One of the most significant questions organizations face in implementing a change is how many resources will we need to implement? And following this, where will we need them? The Who’s Who of a change implementation can be complicated. Who are the Sponsors and who are the Targets? Are the Sponsors Authorizing Sponsors or Reinforcing Sponsors? Are they all located in one department or are they scattered throughout the organization?
Gaining clarity around roles and responsibilities is a basic but critical step for any implementation to be successful. This is far more robust than most stakeholder assessments!
The CAST of Characters
Don Harrison, the developer of the Accelerating Implementation Methodology (AIM) describes the four distinct roles within an organizational change as a CAST of characters. Champions, Agents, Sponsors and Targets each have a specific job to do and distinct accountabilities when implementing change projects:
- Champions believe in the change and attempt to obtain commitment and resources for it, but may not have the line authority to make it happen.
- Agents are assigned responsibility to implement change, and are evaluated on their ability to get the project implemented.
- Sponsors authorize, legitimize and demonstrate ownership for the change (Authorizing Sponsors). Or they must reinforce their personal commitment through their own visible, active behavior (Reinforcing Sponsors).
- Targets must change behavior, emotions, knowledge, perceptions, etc.
You can see that while there are four roles with distinct responsibilities, they obviously intersect and overlap quite often. In fact, during a major change such as transformation, there is always going to be an overlap of roles. So how do you identify who’s who?
Identifying Your CAST of Characters with a Key Role Map
In our change management training programs, we teach a disciplined process that produces a deliverable called a Key Role Map. The Key Role Map provides a graphic depiction of who’s who in your change, based on identifying all of the Target groups that are impacted by your change.
If you think you know who all those Target groups are already, we can almost guarantee that you are missing some groups unless you have completed this process. "Those impacted" include any resources you have working on the project, and all the support services that are involved in some way in your change. So, for example, if the IT organization and/or the Training organization are providing support services, these resources must be Sponsored. And they need to be included in your Key Role Map.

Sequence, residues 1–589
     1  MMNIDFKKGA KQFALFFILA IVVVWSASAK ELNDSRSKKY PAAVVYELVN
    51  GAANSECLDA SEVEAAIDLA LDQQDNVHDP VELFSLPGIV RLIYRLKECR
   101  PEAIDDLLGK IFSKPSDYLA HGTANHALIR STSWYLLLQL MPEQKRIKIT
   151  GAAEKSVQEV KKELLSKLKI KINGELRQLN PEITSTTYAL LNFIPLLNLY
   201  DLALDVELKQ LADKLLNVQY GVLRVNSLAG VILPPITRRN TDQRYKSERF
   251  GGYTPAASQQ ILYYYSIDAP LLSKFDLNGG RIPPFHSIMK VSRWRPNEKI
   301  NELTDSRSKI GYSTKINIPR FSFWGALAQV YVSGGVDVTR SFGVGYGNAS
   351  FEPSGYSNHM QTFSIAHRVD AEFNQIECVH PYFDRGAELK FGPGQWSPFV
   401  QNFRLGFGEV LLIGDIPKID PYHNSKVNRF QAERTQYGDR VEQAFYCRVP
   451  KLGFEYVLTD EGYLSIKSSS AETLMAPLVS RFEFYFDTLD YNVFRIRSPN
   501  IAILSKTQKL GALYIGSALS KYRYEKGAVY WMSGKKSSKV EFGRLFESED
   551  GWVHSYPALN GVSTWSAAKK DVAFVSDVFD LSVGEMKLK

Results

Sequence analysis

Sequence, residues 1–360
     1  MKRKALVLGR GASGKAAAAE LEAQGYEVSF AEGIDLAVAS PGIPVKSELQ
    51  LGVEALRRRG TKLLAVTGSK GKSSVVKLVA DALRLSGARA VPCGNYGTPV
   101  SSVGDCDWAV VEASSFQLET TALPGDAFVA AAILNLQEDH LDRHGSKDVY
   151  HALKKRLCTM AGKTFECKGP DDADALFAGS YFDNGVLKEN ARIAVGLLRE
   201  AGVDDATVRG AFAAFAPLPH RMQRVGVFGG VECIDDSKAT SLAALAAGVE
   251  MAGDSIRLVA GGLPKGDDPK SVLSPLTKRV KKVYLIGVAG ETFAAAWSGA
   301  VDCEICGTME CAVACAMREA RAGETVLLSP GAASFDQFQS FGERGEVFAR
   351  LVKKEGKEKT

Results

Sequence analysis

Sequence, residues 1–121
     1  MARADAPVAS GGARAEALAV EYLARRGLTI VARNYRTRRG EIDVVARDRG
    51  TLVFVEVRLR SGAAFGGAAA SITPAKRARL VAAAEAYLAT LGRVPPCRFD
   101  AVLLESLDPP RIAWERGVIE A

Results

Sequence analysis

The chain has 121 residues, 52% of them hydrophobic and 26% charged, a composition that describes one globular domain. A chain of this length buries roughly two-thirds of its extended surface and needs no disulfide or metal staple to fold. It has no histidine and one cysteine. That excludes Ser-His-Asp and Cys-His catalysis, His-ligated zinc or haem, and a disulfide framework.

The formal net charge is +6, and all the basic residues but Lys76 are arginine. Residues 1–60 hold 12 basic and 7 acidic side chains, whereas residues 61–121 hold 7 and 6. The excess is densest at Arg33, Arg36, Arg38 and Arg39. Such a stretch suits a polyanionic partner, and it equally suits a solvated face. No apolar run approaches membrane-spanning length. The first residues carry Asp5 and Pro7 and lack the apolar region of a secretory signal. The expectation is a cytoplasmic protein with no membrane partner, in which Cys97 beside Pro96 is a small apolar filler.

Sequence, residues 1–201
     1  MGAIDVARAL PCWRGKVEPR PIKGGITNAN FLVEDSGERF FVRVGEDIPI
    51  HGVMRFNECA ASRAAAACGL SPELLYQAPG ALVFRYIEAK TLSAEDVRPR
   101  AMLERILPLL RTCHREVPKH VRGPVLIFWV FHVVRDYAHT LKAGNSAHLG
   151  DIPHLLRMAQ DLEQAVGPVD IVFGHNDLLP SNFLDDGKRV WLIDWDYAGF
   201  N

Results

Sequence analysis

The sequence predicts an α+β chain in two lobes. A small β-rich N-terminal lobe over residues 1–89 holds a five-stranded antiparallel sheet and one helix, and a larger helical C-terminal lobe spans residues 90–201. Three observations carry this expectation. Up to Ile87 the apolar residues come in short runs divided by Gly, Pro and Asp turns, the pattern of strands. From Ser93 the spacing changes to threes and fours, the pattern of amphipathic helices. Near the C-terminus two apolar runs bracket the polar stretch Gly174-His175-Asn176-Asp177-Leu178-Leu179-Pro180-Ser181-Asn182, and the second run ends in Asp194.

When you sit down to begin to create your document, we recommend following the following steps:
- Use an organization chart as a starting point of reference.
- List all of the Target groups impacted by the change.
- Rank each Target Group’s expected level of disruption as low, medium, or high.
- Start at the bottom of the organization and move up the organization level by level to mark where there are Sponsors, Agents and Champions of your change.
A few reminders:
- All resources used on the project must be Sponsored.
- An Authorizing Sponsor can't report to a Reinforcing Sponsor, or to another Authorizing Sponsor.
- Ultimately, every Reinforcing Sponsor must report either directly or through the chain of command of Reinforcing Sponsors to an Authorizing Sponsor.
- Every Sponsor (Authorizing and Reinforcing) on the map must be considered a "Target" first. Their ability to serve as a Sponsor is only possible when that individual has moved past being a Target themselves! This is a critical point because many of your Sponsors will still be in Target mode.
The Importance of Having a Battlefield Map
The Key Role Map helps give a visual depiction of the precise organizational location of Authorizing Sponsors, Reinforcing Sponsors, Change Agents, and Targets of the change. One of the biggest "aha's" after participants in our AIM Accreditation sessions put together their key role map is that there are often far more Sponsors that need to be attended to than what they originally thought!
While it may take several weeks to develop a good key role map, it is an invaluable tool. The document provides the project team and Sponsors with significant insights into what level of resources will be needed to develop a cascading network of Reinforcing Sponsors at the local implementation level of the organization, and how will they need to be deployed. In our own change management consulting, we have had key role maps that take up the walls of an entire room for a complex, enterprise-wide change.
But remember, the Key Role Map is a dynamic document. It's constantly changing because the organization and project constantly change. So it needs to maintained and updated through the entire project lifecycle. Once you have mastered Key Role Mapping, you will see that the battlefield map it provides is arguably the most important deliverable for any Change Agent or project team.